THE I/O ARCHITECTURE
With Copland comes a new I/O architecture designed with the following objectives in mind:
- improved performance
- ability to support concurrent data
- sufficient abstraction to enable Apple to license the Mac OS to
manufacturers who build a variety of hardware configurations
- increased ease of configuration
- independence from the 68000 microprocessor and its runtime model
The I/O architecture is organized around a number of services, each of which can be associated with a set of drivers in a unit known as a family. For example, the SCSI Manager can be associated with a number of SCSI interface modules (SIMs), each of which describes a single SCSI bus. Similarly, each of the drivers in the block storage family can provide block storage functionality to a file system agent. Drivers in the volume format family (through the File Manager) will manage a number of volume format agents, including the HFS agent.
Thus, the I/O architecture is structured in a hierarchy of layered components, which pass control and data among themselves. For example, an application might make a file system call, which would be passed to the HFS file system agent, which would then make a request of the appropriate block device driver. That driver could then use the SCSI Manager to transfer data to a SIM, over a SCSI bus, to a specific SCSI device. This modularity means that other data flows are easily constructed. For example, the file system request might be passed to an AFP file system agent, which would result in data being transferred over the network using Open Transport. (AFP stands for AppleTalk Filing Protocol -- the protocol used to talk to AppleShare file servers.) These relationships are diagrammed in Figure 2.
Figure 2. An example of relationships and control flow in the new driver model
This layered architecture permits a flexible dependency chain, where no component has too much knowledge about the implementation details of its dependencies or its clients. A block storage driver, for instance, doesn't need to know the details of the SIM's SCSI bus implementation or which volume format it's being used for; it just passes requests up and down the chain. This modular architecture should make it easier for Apple and developers to introduce new ways of solving problems.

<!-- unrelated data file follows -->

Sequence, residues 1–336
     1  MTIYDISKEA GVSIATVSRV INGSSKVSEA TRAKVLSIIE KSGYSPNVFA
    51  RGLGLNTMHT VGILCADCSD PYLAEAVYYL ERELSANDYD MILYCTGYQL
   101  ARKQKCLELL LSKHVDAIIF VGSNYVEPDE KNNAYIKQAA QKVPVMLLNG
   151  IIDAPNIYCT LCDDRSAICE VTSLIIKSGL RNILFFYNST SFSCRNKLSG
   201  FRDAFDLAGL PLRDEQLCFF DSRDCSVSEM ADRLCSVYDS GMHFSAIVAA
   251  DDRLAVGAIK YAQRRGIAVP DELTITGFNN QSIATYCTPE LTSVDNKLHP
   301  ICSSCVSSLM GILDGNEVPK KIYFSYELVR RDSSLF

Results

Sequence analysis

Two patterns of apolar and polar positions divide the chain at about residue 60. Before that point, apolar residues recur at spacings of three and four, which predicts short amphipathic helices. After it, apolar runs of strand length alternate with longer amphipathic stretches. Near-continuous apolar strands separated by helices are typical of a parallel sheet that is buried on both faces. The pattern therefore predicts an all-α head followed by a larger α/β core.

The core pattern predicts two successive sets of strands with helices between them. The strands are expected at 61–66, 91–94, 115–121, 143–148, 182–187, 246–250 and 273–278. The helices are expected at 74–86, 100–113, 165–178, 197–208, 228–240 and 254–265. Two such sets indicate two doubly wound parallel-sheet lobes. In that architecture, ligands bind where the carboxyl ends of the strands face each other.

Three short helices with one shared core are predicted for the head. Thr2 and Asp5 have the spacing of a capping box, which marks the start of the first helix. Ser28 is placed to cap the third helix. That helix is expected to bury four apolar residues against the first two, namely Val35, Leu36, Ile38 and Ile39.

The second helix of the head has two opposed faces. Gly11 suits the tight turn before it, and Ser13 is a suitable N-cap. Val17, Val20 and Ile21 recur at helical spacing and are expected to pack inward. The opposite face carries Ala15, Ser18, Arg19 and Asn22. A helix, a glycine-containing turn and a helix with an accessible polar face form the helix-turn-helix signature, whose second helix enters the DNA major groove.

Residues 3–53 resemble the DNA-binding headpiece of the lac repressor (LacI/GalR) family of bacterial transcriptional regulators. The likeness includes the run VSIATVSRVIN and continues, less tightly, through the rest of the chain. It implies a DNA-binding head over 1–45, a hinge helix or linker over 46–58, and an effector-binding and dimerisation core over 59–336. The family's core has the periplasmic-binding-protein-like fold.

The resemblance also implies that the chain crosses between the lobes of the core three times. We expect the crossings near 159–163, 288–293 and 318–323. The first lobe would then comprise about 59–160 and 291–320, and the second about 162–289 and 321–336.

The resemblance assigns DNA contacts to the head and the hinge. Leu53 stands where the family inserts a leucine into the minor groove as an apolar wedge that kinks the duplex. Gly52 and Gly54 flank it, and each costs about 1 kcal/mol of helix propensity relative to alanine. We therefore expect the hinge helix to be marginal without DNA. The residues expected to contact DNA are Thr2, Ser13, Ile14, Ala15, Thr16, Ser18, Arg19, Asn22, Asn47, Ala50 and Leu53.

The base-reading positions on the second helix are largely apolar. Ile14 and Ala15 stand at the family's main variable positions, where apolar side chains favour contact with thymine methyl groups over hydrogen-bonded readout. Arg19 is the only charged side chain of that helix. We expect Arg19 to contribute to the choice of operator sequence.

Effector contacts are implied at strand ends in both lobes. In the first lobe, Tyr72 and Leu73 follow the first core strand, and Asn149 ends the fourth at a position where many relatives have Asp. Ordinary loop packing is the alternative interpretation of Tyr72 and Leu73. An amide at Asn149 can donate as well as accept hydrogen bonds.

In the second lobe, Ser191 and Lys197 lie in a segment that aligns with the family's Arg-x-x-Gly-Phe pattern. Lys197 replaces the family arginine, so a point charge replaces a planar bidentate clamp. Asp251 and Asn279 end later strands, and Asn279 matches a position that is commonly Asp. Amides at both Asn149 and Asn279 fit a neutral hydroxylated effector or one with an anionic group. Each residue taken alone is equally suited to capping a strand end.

The driver model for PCI cards, described in this issue of develop in the article "Creating PCI Device Drivers," was designed with this new I/O architecture in mind. Copland will support drivers developed for PCI cards in accordance with the guidelines presented in that article, so you would do well to familiarize yourself with them. Old drivers will need to be revised because they read and write to hardware locations directly; protection in the new kernel requires that this ability be reserved to specially privileged software. But this doesn't mean that everything packaged into Device Manager drivers will break. The Device Manager will continue to support code packaged as a driver that doesn't actually touch hardware and that isn't otherwise incompatible with Copland, such as drivers that some programs use for interapplication communication.
Note also that Open Transport, which is now available for development on System 7.5, will be the native networking protocol in Copland. Applications that use it will make best use of the native networking stack and will be prepared to run in a separate address space.
WHERE DOES THIS LEAVE YOU?
The transition to Copland will be the most significant operating system transition in the history of the Macintosh. You can make this transition easier for yourself and users if you do these things:
- Begin factoring your applications now.
- Make sure your applications can operate well in a virtual memory environment.
- Avoid reading or modifying low-memory globals and system data structures if at all possible in your applications.
- Avoid patching.
- Ensure that any of your applications that ship with extensions can run without these extensions installed.
- Rewrite as small applications any desk accessories you depend on.
- Familiarize yourself with the new driver model for PCI cards.
- Make use of Open Transport for networking.
With its vastly expanded
functionality, Copland will offer an unprecedented number of new opportunities for developers. In providing a stronger foundation for third-party products and future Mac OS releases, Copland will lay the groundwork for years of advances on the Macintosh platform.